"If you're renting out your property, make sure your mortgage and insurance companies are aware of the change. Think about getting an agent to act on your behalf - although you will need to factor this into your costs."

Many people are waiting until they have retired from work to go off on their travels. New research from American Express shows that 38 per cent of all gap years are taken by the over-55s.

Travellers in this category may find they have to pay higher premiums for their cover, especially if they are aged 65 or over. But once again, shopping around for a deal can help bring down costs.

'£3,700 put me on the road to Oz'

Suzanne Partis, 22, from Ashington, Northumberland, took a gap year before embarking on the final year of her higher national diploma in business and finance, and spent 12 months working and travelling in Australia.

"I wanted to take a break from studying," she says, "so I spent some time working here in the UK to save up enough money to fund the trip. The flight cost around £700 and I saved an extra £3,000 so I'd be able to find my feet when I arrived - and have a cash reserve in case of emergency."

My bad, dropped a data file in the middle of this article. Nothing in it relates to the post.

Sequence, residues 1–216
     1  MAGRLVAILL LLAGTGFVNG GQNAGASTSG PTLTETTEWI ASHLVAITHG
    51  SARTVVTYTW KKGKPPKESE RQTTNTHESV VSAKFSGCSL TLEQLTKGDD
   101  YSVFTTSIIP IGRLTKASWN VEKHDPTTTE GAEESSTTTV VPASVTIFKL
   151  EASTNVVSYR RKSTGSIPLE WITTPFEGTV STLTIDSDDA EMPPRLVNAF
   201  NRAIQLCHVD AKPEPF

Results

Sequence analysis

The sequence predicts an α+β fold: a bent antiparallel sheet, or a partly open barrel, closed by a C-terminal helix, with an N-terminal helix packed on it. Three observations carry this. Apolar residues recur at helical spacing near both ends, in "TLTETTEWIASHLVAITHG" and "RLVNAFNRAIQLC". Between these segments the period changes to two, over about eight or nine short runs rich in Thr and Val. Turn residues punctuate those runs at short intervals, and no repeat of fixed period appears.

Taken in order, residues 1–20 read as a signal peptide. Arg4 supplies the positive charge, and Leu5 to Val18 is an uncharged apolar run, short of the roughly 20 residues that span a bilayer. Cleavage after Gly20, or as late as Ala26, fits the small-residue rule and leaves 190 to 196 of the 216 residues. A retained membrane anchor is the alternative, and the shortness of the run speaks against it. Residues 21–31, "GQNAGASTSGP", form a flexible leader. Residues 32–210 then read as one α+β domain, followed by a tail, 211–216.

During her trip, Suzanne took a variety of jobs - including bar work and marketing - and opened an Australian bank account to allow her wages to be paid in directly.

"There were times when things were a bit of a stretch financially, but I did try to budget as best I could," she says.

Suzanne was glad she took out insurance in the UK before travelling, as she ended up putting in a claim for more than £350 with her insurer, Direct Line, when her handbag was stolen from one of the youth hostels she was staying in.